Coalition supports USDA certifying organic growers using alternate methods
The Coalition for Sustainable Organics joined with the Aquaponics Association, Western Growers Association, International Fresh Produce Association, Mulch & Soil Council and The Scotts Co. to file an amicus ("friend of the court") brief in the U.S. Court of Appeals for the Ninth Circuit.
The amicus brief asks the Court to affirm last year’s decision by Judge Richard Seeborg of the U.S. District Court for the Northern District of California that determined that the U.S. Department of Agriculture’s “ongoing certification of hydroponic systems that comply with all applicable regulations is firmly planted in OFPA [Organic Foods Production Act].”
Judge Seeborg’s March 19, 2021 ruling upheld USDA’s long-standing policy to allow growers using hydroponic methods to be eligible for USDA Organic Certification.
“Our membership works hard every day to make organics more accessible to more consumers, while upholding the principle of continuous improvement to make organic production more environmentally sustainable," said Lee Frankel, executive director of the CSO. "Our brief is designed to complement the sound legal arguments made by the Department of Justice on behalf of USDA.”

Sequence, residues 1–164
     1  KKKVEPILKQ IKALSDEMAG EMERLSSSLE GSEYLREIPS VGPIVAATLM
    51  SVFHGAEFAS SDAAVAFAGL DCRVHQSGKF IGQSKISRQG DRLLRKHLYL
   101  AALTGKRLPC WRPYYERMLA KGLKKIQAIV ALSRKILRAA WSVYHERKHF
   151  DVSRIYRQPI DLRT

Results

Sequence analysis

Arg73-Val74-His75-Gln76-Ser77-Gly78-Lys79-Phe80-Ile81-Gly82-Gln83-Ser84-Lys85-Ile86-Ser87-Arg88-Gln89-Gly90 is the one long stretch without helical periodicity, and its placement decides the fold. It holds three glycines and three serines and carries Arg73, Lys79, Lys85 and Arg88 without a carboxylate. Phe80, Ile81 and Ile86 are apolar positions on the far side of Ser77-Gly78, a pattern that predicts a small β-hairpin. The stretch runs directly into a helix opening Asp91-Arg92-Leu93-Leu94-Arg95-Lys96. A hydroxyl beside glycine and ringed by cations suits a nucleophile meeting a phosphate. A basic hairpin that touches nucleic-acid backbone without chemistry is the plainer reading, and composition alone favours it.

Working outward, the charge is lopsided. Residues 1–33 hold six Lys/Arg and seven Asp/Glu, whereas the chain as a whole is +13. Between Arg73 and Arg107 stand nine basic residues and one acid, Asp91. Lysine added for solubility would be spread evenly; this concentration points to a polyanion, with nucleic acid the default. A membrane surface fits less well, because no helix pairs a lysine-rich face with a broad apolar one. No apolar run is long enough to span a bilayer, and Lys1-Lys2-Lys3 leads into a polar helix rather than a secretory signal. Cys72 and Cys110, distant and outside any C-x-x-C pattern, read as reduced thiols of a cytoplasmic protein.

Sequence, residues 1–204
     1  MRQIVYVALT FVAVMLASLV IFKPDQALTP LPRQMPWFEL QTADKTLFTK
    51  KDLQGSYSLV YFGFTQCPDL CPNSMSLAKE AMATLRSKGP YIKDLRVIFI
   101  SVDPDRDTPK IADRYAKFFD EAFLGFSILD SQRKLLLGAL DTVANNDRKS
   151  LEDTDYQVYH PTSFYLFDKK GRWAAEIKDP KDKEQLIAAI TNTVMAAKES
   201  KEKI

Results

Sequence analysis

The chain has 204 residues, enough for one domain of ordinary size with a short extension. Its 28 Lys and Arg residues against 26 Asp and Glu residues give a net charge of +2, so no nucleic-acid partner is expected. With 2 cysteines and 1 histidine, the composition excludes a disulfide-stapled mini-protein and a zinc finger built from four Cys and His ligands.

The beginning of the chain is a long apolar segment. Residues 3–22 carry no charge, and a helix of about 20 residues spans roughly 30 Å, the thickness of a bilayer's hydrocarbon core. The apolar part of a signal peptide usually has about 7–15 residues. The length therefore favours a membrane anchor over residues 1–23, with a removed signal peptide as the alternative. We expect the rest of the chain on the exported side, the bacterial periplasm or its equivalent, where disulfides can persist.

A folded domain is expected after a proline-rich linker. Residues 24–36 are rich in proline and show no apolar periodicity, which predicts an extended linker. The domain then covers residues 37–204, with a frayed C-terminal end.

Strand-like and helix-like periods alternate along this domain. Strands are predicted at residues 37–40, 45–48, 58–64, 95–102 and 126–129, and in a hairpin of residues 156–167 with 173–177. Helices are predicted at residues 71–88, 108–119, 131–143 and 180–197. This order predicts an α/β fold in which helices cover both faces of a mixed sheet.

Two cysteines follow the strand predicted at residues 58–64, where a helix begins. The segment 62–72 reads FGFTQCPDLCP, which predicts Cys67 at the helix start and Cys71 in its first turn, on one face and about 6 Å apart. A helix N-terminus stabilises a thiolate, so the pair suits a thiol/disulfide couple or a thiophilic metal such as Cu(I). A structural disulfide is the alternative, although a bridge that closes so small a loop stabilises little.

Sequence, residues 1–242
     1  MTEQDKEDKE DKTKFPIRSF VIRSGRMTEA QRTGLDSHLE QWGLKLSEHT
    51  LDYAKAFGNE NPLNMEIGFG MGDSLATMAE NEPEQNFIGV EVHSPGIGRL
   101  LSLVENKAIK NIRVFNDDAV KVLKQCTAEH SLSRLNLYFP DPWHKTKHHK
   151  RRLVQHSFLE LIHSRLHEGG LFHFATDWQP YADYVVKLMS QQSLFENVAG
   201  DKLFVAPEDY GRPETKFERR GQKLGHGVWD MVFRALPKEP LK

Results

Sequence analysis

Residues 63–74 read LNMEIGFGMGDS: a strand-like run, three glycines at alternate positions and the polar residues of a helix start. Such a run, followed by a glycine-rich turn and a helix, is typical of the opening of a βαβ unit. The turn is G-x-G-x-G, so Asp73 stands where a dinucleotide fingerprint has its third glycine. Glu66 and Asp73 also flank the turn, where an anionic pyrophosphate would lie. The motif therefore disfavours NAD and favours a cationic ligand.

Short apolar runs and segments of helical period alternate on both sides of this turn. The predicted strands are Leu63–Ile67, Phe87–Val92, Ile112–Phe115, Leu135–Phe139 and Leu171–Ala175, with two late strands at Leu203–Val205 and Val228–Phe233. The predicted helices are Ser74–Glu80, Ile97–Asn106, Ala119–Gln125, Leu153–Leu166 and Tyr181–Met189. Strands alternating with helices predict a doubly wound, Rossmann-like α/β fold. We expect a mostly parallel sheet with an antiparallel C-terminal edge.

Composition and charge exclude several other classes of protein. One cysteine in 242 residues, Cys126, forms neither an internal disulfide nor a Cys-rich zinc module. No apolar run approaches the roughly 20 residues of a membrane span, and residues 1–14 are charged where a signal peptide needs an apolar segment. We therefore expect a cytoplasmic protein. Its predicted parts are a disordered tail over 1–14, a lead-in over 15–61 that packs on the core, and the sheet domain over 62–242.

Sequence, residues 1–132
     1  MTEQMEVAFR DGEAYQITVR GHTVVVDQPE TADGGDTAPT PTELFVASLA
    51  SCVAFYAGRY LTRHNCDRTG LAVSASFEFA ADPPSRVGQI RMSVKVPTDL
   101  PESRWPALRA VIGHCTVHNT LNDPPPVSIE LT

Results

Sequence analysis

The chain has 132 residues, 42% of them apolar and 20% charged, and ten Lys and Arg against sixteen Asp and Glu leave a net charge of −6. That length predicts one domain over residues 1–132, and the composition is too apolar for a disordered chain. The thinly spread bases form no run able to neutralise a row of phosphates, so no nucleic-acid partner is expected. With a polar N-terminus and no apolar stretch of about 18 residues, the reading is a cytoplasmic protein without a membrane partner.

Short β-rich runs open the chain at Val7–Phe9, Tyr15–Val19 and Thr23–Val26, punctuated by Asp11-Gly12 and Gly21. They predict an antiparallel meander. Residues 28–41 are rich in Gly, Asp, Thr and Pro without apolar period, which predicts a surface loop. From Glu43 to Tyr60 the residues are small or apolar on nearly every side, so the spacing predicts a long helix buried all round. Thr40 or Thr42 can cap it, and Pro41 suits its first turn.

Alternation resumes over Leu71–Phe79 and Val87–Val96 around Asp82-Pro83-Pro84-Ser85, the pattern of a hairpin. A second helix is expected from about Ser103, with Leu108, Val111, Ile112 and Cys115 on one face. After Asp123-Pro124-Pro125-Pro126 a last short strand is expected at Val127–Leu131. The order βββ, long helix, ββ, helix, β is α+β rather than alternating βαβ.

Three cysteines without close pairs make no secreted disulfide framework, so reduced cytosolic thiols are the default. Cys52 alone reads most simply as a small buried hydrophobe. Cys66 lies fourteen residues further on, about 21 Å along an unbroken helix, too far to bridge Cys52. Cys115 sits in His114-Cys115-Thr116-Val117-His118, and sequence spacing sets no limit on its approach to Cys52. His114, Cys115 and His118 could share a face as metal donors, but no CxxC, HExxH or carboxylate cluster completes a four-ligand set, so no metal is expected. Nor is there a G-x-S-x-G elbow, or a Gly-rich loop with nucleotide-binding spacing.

In its brief to the Ninth Circuit, Department of Justice explained how currently certified hydroponic operations meet the requirements of the laws and regulations governing USDA organic certification.
CSO’s amicus brief complements the Government’s brief by describing how growers present organic system plans that are audited by USDA-accredited independent third-parties to document how growers meet the organic requirements. The amicus brief also describes growers’ long-term capital investments in organic hydroponic production systems, as well as the significant and growing consumer demand for organic hydroponic products.
“We look forward to the organic industry coming together at the conclusion of the appeal to strengthen the organic community and work on increasing accessibility to organics and improving the resiliency of fresh organic supplies, rather than continuing these divisive legal actions that seek to limit competition,” said Frankel. “We are grateful for the support of other trade associations and companies that stepped up to defend the interests of organic producers and consumers, as well as to the teams at USDA and the Department of Justice in defending the National Organic Program.”